Music education in third-world countries

Music education in third-world countries is facing many problems that limit access to it and it’s full of challenges. These rising and falling obstacles are made of the socioeconomic, cultural educational systems, etc.

Principles of Violin Playing (IX)

4.3.1. To practice playing of doubles of notes involving two different fingers, each note is played at separate bows with slow tempo, each note is played perfectly regarding its bass and tenor sounds and then the considered double is played at another bow while considering the resulted sound of the double.

Banan: the Artist of the Age

Gholam Hossein Banan was born in 1911 in Tehran. He was born in an affluent art-loving family who were Naser al-Din Shah Qajar (1848-1896)’s relative. The Qajar King was his mother’s uncle on her father’s side. He learnt his first lessons in music while his father sang Iranian avaz (improvised rhythmic-free singing), he then attended classes by the renowned Iranian composer, Morteza Neydavoud (1900-1990) along with his sisters; the composer is, therefore, considered as his first teacher. He then learnt Iranian avaz under the supervision of Mirza Taher Zia Resaee (Zia-o Zakerin) and Naser Seif in an oral manner.

Women Musicians in Large Iranian Orchestras

It is more than a century now that the sociologists consider the presence of women in different social domains as a benchmark for a society’s progress. They analyze the presence of women in society by the means of available statistics. Unfortunately, as with regard to the Iranian society, statistics related to women’s engagement, has not been available to the researchers, if they existed at all.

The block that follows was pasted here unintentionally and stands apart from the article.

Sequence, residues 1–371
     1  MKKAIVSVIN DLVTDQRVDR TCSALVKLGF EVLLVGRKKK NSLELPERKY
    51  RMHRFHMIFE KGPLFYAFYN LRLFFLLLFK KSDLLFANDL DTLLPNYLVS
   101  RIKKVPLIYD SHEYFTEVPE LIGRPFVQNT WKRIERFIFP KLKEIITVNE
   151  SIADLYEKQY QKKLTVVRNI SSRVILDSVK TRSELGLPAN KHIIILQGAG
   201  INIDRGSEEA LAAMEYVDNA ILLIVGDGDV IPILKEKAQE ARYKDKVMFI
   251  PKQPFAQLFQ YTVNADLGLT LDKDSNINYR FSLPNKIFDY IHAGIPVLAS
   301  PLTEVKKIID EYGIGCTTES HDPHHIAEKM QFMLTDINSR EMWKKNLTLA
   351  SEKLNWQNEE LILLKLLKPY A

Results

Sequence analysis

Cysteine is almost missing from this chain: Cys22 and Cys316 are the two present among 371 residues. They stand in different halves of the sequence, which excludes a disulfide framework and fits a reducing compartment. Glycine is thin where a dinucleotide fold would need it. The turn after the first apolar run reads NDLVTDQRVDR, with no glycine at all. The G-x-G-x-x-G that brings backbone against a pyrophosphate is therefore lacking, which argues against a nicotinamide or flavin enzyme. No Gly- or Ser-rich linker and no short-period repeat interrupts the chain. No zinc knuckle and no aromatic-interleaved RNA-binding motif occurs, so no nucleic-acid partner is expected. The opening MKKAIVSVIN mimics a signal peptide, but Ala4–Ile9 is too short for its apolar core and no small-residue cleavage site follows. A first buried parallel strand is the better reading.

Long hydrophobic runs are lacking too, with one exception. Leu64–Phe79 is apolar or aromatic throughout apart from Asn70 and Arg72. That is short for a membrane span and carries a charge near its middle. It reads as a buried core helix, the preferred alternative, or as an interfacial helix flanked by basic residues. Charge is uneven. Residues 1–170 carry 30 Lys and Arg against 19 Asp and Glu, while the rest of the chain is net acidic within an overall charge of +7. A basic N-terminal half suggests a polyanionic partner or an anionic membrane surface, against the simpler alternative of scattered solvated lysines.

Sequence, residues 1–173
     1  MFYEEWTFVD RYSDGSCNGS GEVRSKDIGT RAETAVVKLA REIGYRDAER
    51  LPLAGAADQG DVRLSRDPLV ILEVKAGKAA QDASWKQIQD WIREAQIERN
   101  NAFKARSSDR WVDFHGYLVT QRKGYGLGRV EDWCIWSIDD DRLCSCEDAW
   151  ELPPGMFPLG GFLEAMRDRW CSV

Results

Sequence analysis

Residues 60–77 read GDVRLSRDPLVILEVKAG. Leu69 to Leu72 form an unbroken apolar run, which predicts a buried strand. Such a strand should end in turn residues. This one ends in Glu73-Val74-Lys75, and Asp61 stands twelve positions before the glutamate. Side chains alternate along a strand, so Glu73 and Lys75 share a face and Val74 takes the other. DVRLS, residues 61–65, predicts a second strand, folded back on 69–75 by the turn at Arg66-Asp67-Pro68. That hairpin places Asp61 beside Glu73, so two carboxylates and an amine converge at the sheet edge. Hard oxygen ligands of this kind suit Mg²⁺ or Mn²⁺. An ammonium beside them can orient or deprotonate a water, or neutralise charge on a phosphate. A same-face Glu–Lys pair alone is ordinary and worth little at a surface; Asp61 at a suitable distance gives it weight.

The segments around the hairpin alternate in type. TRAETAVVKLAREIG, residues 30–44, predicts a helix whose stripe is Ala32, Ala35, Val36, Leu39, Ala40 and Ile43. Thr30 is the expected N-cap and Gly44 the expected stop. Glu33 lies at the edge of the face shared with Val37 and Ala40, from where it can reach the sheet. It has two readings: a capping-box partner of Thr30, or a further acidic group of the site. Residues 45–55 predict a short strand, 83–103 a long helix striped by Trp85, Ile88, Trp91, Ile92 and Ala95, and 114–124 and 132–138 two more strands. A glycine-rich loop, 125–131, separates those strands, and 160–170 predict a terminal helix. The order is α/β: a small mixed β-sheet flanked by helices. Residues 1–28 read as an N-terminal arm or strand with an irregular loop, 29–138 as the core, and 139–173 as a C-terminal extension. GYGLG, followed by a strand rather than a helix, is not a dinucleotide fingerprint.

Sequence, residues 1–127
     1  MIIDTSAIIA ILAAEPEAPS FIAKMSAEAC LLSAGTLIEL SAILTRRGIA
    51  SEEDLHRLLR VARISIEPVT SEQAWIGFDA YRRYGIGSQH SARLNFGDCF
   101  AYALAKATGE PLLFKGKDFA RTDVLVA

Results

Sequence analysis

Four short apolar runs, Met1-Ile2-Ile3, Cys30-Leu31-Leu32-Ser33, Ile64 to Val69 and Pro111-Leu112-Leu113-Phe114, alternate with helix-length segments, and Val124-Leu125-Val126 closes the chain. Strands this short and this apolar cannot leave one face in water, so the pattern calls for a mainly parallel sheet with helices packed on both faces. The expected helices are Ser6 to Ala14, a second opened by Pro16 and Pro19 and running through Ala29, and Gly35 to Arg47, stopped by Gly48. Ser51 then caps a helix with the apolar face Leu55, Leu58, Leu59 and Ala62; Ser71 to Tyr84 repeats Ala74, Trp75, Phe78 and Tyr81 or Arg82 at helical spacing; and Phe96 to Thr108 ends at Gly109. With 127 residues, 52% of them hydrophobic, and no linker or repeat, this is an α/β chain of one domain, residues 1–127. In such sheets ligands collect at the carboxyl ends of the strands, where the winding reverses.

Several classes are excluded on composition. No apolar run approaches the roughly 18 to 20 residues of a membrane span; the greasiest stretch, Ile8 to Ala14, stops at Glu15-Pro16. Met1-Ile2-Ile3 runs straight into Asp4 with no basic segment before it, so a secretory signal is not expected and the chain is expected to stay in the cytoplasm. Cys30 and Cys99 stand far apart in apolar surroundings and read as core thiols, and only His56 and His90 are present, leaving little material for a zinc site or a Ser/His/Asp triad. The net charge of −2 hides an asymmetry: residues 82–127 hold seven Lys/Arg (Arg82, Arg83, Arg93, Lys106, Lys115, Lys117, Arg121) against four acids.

Rouhollah Khaleghi Artistic Center established in Washington DC

Golnoush Khaleghi (1941-2021), a Washington-based Persian musician and the daughter of the contemporary Persian (Iranian) composer and theoretician Rouhollah Khaleghi (1906-1965) founded a musical center called RKAC to keep the name and the work of her father alive.

The Structure of Kurdistan Daf (I)

Today, percussion instruments have such a high place in music that are an essential element of orchestras. This has attracted many people to this type of instrument with roots as old as the first humans. A historical study of music, shows that humans used the sound of these instruments to defend themselves against wild animals and, over time, for alerting each other, signaling their readiness and encouraging people for war, ritual ceremonies, dances, etc. in a manner that is still clearly visible in music and some ritual ceremonies.

From the Last Instrumentalist to the First Composer (II)

Rouhollah Khaleghi was the master of composing beautiful melodies. He was the premier of the course of history which was first established by Ali Naghi Vaziri and which improved the Iranian music from simply a gathering music to the classical music of the country. First efforts to compose independent and instrumental music can be also traced in Khaleghi’s works.